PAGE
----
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crime to himself, that he chiefly fears—the probability of its being somehow punished even in this world— the universal horror it will excite in the minds of others,these are what determine him, for the time, to give up his murderous intent. Not that he does not feel the guilt too, in all its aggravation, but that this would not have been sufficient to decide him without the other considerations that have been mentioned.
After the crime is perpetrated, we have a scene of a different kind. The high wrought state of excitement into which his ambitious views, and the persuasions of the lady, had raised him when he "screwed his courage to the sticking place," and determined to commit the act, has now given way, and reflection, or conscience, now opens his eyes to the full horror of his situation.
Macb. I have done the deed. Didst thou not hear a noise? It was but the owl and the cricket, but to the disturbed mind of Macbeth every thing is a cause of alarm. His eye glances on the bloody evidences of his guilt, and he exclaims,
This is a sorry sight.
Macb. There's one did laugh in 's sleep, and one cried murder!
They did wake each other. I stood and heard them ;
There are two lodged together.
Macb. One cried, God bless us! and, Amen, the other;
When they did say, God bless us.
Consider it not so deeply.
I had most need of blessing, and amen
Stuck in my throat.
There is nothing more hitherto than the natural
operation of the good feelings he possessed, awakened to activity, after the strong excitement under which he committed the crime had subsided. What follows is bolder. He had previously seen an air-drawn dagger—the mere product of his excited fancy. He is now represented as hearing a voice, which is equally the result of high wrought feelings, and expressive of the deep horror with which his crime seems now invested.
Methought I heard a voice cry, Sleep no more!
The lady, who has no such compunctious feelings, is astonished at this emotion, and asks, impatiently,—
What do you mean?
In his answer, it appears that this internal monitor had made so deep an impression upon him, that the "voice" appeared to address not himself merely, but the whole household:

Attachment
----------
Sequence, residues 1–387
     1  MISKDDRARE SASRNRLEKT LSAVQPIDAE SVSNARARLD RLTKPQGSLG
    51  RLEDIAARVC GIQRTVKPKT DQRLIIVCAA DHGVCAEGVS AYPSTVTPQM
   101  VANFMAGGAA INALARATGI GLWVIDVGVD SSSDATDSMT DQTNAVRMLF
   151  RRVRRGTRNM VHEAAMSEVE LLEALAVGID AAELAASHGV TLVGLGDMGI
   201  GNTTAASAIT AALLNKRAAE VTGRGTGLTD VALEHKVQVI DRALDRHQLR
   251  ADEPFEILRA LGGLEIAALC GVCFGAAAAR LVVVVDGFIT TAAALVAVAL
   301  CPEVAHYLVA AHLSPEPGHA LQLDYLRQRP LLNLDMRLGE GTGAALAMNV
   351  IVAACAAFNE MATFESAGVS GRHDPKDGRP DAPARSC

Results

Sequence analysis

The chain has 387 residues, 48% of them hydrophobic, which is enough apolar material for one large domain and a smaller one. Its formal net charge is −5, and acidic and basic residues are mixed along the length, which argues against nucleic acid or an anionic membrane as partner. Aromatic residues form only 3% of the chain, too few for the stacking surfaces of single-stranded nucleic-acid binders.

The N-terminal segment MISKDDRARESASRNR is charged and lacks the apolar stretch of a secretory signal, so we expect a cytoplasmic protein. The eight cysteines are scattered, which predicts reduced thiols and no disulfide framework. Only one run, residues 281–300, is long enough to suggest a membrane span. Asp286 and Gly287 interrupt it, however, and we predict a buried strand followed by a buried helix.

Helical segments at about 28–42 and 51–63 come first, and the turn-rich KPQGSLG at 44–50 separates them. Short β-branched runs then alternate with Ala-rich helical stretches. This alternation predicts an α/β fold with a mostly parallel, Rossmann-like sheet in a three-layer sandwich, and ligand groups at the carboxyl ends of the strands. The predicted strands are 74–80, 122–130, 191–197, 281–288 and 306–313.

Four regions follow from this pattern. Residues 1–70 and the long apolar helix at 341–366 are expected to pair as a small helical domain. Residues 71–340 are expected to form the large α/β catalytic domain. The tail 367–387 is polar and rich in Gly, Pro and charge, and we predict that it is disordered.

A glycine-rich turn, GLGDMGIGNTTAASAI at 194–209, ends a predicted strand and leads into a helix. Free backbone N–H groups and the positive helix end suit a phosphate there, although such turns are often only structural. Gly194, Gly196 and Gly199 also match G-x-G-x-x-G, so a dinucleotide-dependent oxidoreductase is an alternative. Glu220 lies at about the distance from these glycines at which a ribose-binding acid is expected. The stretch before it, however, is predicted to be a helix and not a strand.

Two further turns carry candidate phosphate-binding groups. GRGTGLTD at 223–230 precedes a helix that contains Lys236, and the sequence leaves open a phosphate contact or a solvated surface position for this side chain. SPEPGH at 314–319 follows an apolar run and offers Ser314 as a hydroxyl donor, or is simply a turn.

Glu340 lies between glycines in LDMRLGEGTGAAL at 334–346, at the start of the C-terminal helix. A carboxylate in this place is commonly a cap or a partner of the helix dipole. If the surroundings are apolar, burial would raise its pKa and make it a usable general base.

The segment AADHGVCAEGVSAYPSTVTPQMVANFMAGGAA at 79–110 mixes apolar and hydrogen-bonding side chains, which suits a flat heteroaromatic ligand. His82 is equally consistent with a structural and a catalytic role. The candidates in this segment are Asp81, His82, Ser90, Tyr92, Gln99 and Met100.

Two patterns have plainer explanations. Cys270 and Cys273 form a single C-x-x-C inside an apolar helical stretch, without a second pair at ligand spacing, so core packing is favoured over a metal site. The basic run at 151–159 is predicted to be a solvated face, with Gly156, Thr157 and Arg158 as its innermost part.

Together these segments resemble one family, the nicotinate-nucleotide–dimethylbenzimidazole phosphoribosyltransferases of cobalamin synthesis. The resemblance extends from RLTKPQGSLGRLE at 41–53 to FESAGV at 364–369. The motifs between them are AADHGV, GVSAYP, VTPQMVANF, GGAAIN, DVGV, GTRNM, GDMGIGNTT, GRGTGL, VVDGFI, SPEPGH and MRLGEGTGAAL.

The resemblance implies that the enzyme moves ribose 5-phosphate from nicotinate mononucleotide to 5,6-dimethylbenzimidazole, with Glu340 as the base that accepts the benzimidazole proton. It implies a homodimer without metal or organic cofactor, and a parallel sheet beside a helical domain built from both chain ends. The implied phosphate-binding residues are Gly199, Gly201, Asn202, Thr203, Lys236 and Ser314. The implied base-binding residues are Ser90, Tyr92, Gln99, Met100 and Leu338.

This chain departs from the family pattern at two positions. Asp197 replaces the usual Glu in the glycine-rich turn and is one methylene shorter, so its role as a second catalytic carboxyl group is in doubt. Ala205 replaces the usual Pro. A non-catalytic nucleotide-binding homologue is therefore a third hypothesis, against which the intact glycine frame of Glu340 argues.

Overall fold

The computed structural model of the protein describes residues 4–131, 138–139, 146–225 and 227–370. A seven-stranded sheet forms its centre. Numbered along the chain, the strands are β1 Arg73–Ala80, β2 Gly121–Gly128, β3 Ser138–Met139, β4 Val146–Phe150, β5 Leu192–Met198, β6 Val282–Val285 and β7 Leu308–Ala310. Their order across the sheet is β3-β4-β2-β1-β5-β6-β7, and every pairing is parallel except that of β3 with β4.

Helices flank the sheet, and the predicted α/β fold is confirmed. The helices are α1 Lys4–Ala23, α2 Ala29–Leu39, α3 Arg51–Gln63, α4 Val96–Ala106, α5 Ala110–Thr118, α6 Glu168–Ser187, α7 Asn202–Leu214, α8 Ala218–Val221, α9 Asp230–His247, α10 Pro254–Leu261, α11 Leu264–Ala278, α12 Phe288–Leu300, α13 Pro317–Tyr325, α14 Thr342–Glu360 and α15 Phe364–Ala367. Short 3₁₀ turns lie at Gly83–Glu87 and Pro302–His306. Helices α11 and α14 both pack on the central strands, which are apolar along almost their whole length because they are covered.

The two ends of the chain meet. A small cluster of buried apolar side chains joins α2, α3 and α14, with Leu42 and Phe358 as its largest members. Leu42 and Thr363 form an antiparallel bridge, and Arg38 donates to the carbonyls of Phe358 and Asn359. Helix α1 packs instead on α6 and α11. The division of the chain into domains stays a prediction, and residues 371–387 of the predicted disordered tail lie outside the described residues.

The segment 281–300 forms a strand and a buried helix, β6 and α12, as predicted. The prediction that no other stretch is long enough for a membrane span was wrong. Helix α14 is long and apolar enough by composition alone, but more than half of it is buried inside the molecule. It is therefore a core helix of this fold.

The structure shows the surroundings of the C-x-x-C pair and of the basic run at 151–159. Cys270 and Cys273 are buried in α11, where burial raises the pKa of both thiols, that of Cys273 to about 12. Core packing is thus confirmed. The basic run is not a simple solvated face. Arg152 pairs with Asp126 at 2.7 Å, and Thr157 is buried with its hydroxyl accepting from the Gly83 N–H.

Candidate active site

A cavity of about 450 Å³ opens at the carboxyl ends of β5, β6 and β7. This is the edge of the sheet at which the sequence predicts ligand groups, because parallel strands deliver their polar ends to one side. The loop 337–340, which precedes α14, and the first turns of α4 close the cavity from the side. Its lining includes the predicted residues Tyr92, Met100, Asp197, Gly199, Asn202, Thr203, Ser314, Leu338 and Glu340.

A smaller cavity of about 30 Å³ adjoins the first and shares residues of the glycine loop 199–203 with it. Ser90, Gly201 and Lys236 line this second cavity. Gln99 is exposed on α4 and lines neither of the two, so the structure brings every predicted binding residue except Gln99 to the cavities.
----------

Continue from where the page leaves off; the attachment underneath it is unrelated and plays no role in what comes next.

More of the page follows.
Still it cried, Sleep no more! to all the house:
Glamis hath murder'd sleep, and therefore Cawdor
His emotion has now totally deprived him of the power of thinking and acting; but she retains both :
I'll go no more:
I am afraid to think what I have done;
When she takes the daggers, and leaves him by himself, a knocking at the gate raises him from his stupor :
Whence is that knocking?
How is 't with me, when every noise appals me?
Clean from my hand? No: this my hand will rather
She returns, and again urges him to retire, to which he pays no attention.
To know my deed, 'twere best not know myself.
The following remarks upon this subject are contained in a paper on the character of Macbeth, in the first number of the Phrenological Journal :* - "Lady Macbeth had no struggles before the crime: she has no immediate remorse after it. But Macbeth, who is represented with so much more feeling of a good tendency than she possesses, with some benevolence, some conscientiousness, large love of approbation, and considerable cautiousness, has no sooner committed the act to which he was goaded on by his own and his wife's ambition, than he is seized with the utmost horror at what he has done. Conscience, in such minds as his, is said to be a treacherous monitor, inasmuch as, before the commission of the crime, it warns us only in the gentlest whispers, but afterwards raises its accusing voice like thunder. This is easily and beautifully explained by the phrenological doctrine, that the organs of the different faculties are not always in an equally active state, but come into activity seriatim, either from internal causes, or as they may be affected by external circumstances. The doctrine is, that, previously to the commission of crime, the propensities leading to that crime are in a highly active * Pages 106, 107.